He’s curious to see if any development applications come to future county councils and would hate to miss out at being at the table for those decisions.
“We haven’t had a lot of big development applications come our way ... and that’s not going to last,” McKay said. “So I do worry there’s probably and likely ... developments to remerge in the next council term, including maybe right here in Monrovia. And I would feel leery missing out on that.”
County Council President M.C. Keegan-Ayer (D)
Like McKay, many have questioned Keegan-Ayer, in her second term on the council serving District 3, about whether she is running for county executive.
Keegan-Ayer has minimal campaign funds—less than $1,000, according to a notice she filed with the state. She didn’t rule out a run for executive, but noted her strengths on the county’s legislative body and said a third term on the council is also possible.
“My focus is where are my strengths and where can I be the best public servant for the folks in Frederick County,” Keegan-Ayer said. “Right now, that is on my position on the council.”
County Councilwoman Jessica Fitzwater (D)
Fitzwater, in her second term on the County Council, has nearly $58,700 in campaign funds, according to state records.
With that healthy account, she understands the rumors about running for county executive, a state Senate seat or elsewhere. She “is definitely running” for some type of office next year, she said.
For now, Fitzwater, an elementary school music teacher, is focused on the return to hybrid learning. But she appreciates her supporters.
“I’m excited to hear the rumors, because people have faith in me as a public servant,” Fitzwater said.
County Council Vice President Michael Blue (R)
The second-in-command on the County Council finds himself in a similar position to Donald, living in the southern end of Walkersville.
Blue, in his first term representing District 5, could be drawn out of his district. If that happens, he could be exploring a run for an at-large council seat.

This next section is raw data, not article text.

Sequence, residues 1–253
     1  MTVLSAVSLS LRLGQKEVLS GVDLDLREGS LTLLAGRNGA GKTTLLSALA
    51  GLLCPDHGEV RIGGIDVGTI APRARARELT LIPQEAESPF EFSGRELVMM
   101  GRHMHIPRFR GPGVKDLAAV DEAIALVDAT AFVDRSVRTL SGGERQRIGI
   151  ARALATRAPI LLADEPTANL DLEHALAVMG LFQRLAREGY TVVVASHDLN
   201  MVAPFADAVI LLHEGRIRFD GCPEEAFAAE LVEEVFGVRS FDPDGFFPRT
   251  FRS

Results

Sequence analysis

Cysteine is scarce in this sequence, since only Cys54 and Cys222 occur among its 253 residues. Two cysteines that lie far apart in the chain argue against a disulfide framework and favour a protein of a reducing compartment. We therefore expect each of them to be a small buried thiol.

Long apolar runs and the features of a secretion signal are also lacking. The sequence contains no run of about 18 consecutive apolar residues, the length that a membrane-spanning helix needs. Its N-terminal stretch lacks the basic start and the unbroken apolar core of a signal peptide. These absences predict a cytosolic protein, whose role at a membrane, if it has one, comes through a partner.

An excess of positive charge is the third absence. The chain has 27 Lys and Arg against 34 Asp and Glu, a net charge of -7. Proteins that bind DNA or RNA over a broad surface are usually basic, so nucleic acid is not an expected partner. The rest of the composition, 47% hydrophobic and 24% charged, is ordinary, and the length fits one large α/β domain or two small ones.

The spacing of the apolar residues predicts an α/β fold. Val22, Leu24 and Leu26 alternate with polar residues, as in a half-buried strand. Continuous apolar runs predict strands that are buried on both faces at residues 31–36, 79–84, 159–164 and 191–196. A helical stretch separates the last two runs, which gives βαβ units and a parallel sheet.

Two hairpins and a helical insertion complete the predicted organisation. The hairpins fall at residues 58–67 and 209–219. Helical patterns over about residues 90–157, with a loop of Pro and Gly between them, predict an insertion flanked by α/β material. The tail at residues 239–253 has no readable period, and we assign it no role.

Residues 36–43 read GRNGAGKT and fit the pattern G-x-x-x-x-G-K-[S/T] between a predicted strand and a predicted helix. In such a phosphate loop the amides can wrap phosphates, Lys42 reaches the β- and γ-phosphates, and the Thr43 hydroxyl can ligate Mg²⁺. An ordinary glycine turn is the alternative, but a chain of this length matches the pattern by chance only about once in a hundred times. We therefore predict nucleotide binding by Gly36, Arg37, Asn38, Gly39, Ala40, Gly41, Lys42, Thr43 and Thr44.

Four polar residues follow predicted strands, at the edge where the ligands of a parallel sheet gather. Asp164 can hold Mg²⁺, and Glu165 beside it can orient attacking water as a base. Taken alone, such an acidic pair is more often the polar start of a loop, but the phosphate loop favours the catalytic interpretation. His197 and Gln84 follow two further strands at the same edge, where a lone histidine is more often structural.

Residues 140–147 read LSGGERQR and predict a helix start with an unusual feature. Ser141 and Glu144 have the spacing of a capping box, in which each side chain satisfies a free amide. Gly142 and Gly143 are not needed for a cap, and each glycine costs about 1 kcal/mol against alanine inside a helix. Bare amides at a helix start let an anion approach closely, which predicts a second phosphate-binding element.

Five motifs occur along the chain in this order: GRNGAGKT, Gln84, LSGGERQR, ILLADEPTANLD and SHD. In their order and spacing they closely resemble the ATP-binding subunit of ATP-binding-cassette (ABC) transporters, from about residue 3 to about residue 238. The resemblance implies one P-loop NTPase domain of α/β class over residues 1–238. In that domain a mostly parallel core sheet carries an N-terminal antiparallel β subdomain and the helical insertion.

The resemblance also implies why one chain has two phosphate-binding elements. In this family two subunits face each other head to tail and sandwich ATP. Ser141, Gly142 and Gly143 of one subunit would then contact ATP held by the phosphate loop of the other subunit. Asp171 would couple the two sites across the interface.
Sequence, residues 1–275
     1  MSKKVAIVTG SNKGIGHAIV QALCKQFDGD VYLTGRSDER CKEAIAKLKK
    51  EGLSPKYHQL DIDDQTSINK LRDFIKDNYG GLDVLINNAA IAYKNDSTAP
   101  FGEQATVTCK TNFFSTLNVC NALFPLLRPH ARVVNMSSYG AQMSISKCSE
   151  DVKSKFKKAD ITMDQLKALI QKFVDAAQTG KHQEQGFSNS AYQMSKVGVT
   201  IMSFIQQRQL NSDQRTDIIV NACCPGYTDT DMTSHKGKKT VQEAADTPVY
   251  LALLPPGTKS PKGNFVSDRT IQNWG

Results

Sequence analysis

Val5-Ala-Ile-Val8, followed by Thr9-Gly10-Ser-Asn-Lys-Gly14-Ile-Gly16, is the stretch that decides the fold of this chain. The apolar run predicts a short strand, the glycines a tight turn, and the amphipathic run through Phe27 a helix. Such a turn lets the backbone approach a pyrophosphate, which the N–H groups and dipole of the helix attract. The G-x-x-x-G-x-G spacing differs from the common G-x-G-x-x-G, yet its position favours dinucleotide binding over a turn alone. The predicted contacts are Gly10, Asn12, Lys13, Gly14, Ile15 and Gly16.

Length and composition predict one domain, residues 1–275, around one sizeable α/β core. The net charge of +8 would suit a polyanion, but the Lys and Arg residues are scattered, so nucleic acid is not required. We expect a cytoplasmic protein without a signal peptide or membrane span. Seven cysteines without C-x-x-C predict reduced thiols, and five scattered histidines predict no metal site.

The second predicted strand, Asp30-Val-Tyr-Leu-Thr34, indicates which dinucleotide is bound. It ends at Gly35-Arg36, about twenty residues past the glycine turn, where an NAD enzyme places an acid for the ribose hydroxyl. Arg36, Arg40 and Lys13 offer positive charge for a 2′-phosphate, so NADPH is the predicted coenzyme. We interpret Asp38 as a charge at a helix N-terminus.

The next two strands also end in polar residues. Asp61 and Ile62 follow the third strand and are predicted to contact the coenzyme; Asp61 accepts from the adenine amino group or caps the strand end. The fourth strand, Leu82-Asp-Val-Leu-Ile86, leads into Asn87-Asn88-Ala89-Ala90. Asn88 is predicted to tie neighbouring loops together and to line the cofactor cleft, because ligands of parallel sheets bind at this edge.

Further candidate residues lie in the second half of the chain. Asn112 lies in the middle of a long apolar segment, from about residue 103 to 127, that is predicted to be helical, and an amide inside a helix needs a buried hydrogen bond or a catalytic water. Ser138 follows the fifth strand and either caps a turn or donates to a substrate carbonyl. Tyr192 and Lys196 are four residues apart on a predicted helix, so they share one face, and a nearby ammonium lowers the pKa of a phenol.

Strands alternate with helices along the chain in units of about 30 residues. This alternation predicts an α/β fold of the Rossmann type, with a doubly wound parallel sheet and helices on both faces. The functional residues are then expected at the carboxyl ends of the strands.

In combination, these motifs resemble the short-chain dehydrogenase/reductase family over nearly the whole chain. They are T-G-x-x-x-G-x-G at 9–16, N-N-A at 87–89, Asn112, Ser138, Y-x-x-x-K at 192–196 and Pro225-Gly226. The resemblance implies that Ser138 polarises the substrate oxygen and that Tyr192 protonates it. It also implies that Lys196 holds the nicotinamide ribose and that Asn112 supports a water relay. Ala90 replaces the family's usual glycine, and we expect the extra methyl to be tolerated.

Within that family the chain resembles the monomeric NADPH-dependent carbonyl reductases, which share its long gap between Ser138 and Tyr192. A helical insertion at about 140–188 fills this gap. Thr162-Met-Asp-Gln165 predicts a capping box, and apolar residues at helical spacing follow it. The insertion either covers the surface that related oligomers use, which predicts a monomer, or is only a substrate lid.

Like Keegan-Ayer, Blue has minimal campaign funds. He hinted that he would likely run for a second term in his seat if district lines don’t change, if he runs at all. Another factor? Whether his son, Matt, 35, is ready to take over Brownie’s Auto Repair in Walkersville.
“That’s a big consideration for me, is how well-prepared he is to take that on,” Blue said.
County Councilman Kai Hagen (D)
Hagen, in his first term as an at-large council member, has expressed his interest in running for county executive on Facebook. He has just over $65,300 in campaign funds, campaign records show.
While he wouldn’t officially declare he was running, Hagen said he is “leaning” toward county executive versus a second council term, adding: “That is my inclination.”
He touts his experience on numerous county government boards over the past 20-plus years, including a term on the county commissioners and county planning commission.
Hagen did dismiss rumors that he would run for state or federal office.
“I have always said to people since the beginning, and I have never wavered … that I have never entertained running for any state or federal office,” Hagen said. “My focus has been on Frederick County and Frederick County government and Frederick County citizens and those issues.”
County Councilman Phil Dacey (R)
With a term on both the Frederick city Board of Appeals and Board of Aldermen under his belt, the first-term at-large councilman said multiple options are on the table.
That includes a second term on the council, a county executive run or other possibilities, he said. Next year is an important election year for Republicans countywide, given changing demographics in the county and recent election history, Dacey added.
He wants to run for something, to have a seat at the table in Frederick County’s future. Right now, state records show he has about $16,600 in campaign funds.
“I definitely want to be part of the conversation here in Frederick County’s future,” Dacey said. “What direction is Frederick county going to go in? ... Is it going to urbanized, and look like Montgomery County north, or are we able to retain some of the character that Frederick County has when I was growing up? … I want to be at the table.”